Each week we all see trade press stories outlining the latest and greatest ways that marketers are using social networking technologies to connect better with consumers. One story last week jumped out to me, both because of the headline, and also the source. “Razorfish: Facebook, Twitter Don’t Make Customers Feel Valued” wrote MediaPost, followed by this lead: “While marketers have flocked to social platforms like Facebook and Twitter, consumers still don’t view them as important ways to engage with a brand, since they don’t meet their expectations. Most people still prefer to connect with brands through more traditional methods, such as email, company Web sites or word-of-mouth.” To reach this conclusion, Razorfish surveyed consumers and asked them to prioritize what was important to them when engaging with a brand, and
The most active and passionate talkers about sports are men. That’s not necessarily a surprising statistic. What is surprising is how active, passionate, and influential the most talkable men are about sports. Keller Fay keeps a close eye on the activity of people who disproportionately drive brand-related word of mouth (WOM) conversations. These talkative Americans are called Conversation Catalysts™ by Keller Fay because, when compared to the total public, they spark more WOM conversations, have larger social circles, and possess more credibility when making recommendations. When it comes to the sports product category, Conversation Catalysts™ (Sports Catalysts™) have significant sway in impacting the conversations and actions of others. The following Keller Fay chart details the sway Sports Catalysts™ have. When compared both to the Total Public and to men, word of
Members of Congress of both parties are talking again about health care. The House of Representatives made a vote to repeal “Obamacare” its first legislative agenda item for the new Congress. They said it was what they were elected to do. But are the American people talking about health care too? Not particularly, according to the most recent word of mouth tracking by my firm. In the fourth quarter of 2010, a period that included the run up to the election as well as the Lame Duck Congress that followed, we were measuring daily the major issues about which the American people were talking, either offline or online. “Health insurance and the health care system” ranked 10th out of 17 areas tracked during this period. Economic issues dominated the list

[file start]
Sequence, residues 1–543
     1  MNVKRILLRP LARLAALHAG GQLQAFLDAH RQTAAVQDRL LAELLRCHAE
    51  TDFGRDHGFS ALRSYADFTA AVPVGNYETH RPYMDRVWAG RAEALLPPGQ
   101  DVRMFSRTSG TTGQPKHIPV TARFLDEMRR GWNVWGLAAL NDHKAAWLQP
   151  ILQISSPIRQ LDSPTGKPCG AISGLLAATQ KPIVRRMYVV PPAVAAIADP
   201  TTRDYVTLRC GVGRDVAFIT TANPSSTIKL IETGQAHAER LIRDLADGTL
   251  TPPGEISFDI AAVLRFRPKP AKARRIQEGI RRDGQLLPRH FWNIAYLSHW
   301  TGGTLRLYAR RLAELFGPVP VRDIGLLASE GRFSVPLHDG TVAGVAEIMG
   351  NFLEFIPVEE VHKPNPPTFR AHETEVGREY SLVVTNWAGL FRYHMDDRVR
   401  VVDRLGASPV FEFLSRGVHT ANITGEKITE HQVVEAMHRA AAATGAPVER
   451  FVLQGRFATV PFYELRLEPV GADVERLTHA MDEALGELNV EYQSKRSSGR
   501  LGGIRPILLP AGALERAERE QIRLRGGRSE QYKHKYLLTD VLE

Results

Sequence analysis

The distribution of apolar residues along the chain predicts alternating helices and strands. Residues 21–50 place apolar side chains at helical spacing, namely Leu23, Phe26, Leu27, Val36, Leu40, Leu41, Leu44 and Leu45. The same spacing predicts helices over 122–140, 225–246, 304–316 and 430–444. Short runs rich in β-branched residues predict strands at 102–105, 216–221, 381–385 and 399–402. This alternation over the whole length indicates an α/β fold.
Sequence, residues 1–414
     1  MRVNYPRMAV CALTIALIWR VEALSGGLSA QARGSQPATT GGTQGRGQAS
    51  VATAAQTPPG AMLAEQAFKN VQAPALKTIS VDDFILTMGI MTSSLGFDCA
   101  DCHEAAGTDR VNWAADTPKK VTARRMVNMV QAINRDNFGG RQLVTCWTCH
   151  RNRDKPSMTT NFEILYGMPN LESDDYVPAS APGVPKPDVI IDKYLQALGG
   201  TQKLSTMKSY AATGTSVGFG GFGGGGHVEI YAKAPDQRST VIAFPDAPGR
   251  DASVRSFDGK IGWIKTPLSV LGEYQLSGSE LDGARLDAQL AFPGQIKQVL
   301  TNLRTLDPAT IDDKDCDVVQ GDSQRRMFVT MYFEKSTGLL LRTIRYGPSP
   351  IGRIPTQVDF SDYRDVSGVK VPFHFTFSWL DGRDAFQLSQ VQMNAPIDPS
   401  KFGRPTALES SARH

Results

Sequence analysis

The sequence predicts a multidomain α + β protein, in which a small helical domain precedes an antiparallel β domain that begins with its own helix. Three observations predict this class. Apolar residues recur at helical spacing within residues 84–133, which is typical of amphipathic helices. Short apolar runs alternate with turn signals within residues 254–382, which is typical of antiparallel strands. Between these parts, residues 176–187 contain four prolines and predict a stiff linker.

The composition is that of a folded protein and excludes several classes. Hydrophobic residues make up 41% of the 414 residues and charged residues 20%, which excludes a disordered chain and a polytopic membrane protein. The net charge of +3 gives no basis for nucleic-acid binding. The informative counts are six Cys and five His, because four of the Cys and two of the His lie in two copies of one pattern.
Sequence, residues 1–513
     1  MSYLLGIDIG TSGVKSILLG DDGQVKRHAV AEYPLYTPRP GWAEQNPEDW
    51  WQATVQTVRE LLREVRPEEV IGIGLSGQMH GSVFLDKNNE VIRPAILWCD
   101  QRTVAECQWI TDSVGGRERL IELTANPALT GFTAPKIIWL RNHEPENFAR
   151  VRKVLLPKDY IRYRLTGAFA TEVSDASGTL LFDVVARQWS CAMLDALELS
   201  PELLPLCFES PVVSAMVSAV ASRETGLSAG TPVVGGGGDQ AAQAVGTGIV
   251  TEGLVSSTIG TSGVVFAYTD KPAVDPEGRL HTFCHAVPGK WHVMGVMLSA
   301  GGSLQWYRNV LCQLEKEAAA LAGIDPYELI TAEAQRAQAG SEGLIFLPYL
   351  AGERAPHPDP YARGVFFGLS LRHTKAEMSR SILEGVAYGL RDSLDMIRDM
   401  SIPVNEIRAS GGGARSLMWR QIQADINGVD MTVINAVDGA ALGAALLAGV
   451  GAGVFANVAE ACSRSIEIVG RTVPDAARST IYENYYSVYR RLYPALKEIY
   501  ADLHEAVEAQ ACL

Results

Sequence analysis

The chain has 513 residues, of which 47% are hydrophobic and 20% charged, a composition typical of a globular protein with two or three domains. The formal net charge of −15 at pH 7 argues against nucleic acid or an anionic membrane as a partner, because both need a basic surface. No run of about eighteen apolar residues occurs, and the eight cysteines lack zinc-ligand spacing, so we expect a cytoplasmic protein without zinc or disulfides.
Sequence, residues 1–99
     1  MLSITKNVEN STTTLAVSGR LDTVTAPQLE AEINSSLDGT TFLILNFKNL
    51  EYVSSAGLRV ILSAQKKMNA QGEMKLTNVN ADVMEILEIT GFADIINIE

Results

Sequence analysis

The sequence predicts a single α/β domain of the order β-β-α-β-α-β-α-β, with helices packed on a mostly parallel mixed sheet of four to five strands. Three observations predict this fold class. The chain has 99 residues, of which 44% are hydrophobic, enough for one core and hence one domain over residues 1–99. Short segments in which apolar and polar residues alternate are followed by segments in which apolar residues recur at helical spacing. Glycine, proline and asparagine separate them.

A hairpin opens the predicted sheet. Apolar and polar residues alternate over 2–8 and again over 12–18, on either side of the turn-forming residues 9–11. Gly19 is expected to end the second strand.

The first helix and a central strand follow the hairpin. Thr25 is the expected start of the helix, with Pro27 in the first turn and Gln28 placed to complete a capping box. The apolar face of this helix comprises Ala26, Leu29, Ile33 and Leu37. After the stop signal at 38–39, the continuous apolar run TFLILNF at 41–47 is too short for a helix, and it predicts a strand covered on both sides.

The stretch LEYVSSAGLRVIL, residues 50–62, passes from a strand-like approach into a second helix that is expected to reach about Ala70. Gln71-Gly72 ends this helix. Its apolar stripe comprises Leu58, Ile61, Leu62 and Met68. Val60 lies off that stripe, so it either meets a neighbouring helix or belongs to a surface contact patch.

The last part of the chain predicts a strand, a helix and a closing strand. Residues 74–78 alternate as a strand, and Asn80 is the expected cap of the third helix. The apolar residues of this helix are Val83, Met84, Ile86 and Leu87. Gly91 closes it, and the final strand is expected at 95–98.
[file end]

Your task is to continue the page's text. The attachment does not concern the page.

The NCAA recently crowned its national champion in football. NFL playoffs are in full swing. The NBA and NHL are in mid-season. MLB teams will be reporting to spring training soon. And, the NCAA’s March Madness basketball tournament is just around the corner. We’re in the throes of sports, sports, and more sports. Because we are in the throes of sports, Americans are talking about sports. A Harris Interactive poll from 2010 finds 35% of Americans say professional football (NFL) is their favorite sport. Baseball (MLB) is the second most favorite sport with 16% of the vote. College Football is next on the list at 12% and Auto Racing is fourth with 9% of Americans saying these sports are their favorite. Keller Fay’s ongoing TalkTrack® study measures the quantity and
A recent study by the consulting firm of A.T. Kearny stimulated a lot of commentary by people I follow on Twitter, Facebook, etc. Entitled “Socially Awkward Media,” the study finds that despite the growing presence of marketers on Facebook and other social networking sites, most are not yet engaging with consumers very well. “Traditional marketers are so bad at understanding social networks that many have all the confidence of awkward teenagers at their first school dance. They’re just not connecting.” One statistic that caught my attention is that, “only 5 percent of company-to-consumer posts engaged consumers in discussions, while 71 percent of posts were promotional – offering discount coupons, free prizes or other amenities.” Why should this be, and does it reflect short sightedness (or immaturity, as Kearny might say)